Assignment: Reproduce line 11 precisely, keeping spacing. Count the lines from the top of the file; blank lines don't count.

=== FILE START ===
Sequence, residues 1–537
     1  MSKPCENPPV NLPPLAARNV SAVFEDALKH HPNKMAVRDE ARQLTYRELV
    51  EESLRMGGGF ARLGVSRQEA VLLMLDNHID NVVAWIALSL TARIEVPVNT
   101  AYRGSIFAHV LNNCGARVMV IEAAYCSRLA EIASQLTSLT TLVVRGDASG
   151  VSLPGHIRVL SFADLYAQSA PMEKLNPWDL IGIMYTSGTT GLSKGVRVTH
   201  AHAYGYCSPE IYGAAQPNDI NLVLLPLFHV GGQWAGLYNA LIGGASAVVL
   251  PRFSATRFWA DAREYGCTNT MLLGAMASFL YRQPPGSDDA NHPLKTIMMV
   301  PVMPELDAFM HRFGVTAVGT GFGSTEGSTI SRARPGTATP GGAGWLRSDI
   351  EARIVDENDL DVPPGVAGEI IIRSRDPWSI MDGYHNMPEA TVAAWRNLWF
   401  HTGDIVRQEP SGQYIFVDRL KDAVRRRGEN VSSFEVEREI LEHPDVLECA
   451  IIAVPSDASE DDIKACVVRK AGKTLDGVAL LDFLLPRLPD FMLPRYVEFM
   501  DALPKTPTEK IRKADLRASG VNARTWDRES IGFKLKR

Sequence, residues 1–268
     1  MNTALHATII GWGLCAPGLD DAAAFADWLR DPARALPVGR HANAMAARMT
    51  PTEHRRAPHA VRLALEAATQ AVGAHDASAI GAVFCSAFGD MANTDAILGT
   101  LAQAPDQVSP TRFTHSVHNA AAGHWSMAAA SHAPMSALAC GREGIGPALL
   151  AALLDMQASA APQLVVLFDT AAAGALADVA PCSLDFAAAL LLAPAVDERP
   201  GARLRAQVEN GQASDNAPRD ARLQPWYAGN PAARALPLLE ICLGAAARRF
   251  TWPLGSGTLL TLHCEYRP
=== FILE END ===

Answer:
   451  IIAVPSDASE DDIKACVVRK AGKTLDGVAL LDFLLPRLPD FMLPRYVEFM